PWR 2HT: Speaking Ironic Truth to Power: The Rhetoric of Satirical Protest
When we plot the arc of history, we mark, among other things, the moments in which people have reached critical mass in speaking truth to power and effected positive change. Though we don’t always achieve immediate social justice when we speak those truths, we gain little to nothing if we don‘t speak at all. Currently, due to the deaths of George Floyd, Breonna Taylor, Ahmaud Arbery, and the countless others that have preceded them, we stand at a crossroads in America, where people of color, the marginalized, and the underrepresented are talking back and demanding social justice in larger numbers than ever.
In this writing and speaking course, we will focus on one of those forms of talking back: satire. We’ll explore the characteristics of effective satire, from the mechanics of irony to rhetorical moves typical of the genre. Then, we’ll explore how and when people use satire to challenge racism, misogyny, classism, ableism, homophobia, monolingualism, and other social injustices. We’ll interact with performances, speeches, art works, and writings from, among others, Key and Peele, Winphe, Binyavanga Wainaina, Kishon, The Onion, McSweeney’s, and The Root to see those characteristics in action.
Using an interdisciplinary lens, you’ll focus on an issue related to satire that aligns with your passions. You can, for example, examine the differences between sarcasm and irony, how satire has evolved over time, ethnic and/or cultural influences on satirical protest, or the role satire plays in current social justice movements. Once you have completed your research and crafted an argument, you’ll present them in a presentation that employs new modes in written and oral communication. We’ll hone our skills in organization, body language, and visual representation through a variety of activities in and outside of class.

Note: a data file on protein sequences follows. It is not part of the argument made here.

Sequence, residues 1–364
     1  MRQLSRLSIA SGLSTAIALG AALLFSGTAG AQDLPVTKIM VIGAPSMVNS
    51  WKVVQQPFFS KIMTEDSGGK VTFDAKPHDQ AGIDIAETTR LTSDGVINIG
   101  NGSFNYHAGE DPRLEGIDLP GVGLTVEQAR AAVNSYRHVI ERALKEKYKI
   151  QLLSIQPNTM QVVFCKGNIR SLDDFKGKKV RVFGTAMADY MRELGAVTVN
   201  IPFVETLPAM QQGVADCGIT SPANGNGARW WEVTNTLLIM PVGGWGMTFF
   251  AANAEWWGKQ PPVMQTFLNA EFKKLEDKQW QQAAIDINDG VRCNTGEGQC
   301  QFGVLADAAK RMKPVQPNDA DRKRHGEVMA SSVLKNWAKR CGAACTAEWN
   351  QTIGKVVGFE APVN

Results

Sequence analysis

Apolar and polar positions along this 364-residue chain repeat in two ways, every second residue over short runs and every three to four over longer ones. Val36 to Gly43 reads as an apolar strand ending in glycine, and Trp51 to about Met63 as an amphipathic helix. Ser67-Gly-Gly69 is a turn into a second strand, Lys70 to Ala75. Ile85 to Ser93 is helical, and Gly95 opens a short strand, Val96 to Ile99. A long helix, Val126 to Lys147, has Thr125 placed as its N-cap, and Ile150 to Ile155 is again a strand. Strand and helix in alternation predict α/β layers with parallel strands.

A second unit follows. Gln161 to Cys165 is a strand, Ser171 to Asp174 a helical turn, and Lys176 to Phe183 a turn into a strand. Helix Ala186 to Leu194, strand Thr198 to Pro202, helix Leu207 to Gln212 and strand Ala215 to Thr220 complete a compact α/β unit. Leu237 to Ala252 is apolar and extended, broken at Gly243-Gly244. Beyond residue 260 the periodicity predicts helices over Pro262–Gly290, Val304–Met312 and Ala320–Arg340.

(5-minute live oral presentation; written text of 900-1200 words) You’ll propose a research project that explores some aspect of satire as a form of protest. For example, you might explore the new roles adopted by satirical outlets like The Onion or McSweeney’s. You could examine how satire functions on Tik-Tok and Twitter, or how satirists such as Trevor Noah and Key and Peele interrogate racism or classism.
Written Research-Based Argument
(10-12 pages or 3000-3600 words of research-based writing) You’ll create and write a nuanced argument based on your proposal that incorporates a range of sources. Your argument will contribute in some manner to a larger conversation about protest and social justice.
Delivery of research
(10 minutes of live oral presentation with multimedia support) You’ll translate your research-based argument about protest and satire into a live oral presentation using multimedia support.
You’ll translate your research and argument into an alternate mode or genre, such as a short story, a podcast, an op-ed, a video, or infographic.